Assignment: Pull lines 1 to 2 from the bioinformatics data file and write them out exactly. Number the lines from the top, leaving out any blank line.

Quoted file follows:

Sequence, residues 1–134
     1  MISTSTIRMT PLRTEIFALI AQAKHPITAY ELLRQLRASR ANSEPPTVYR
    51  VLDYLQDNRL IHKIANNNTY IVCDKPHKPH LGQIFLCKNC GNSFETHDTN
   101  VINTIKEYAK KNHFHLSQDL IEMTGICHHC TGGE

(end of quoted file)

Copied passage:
Sequence, residues 1–134
     1  MISTSTIRMT PLRTEIFALI AQAKHPITAY ELLRQLRASR ANSEPPTVYR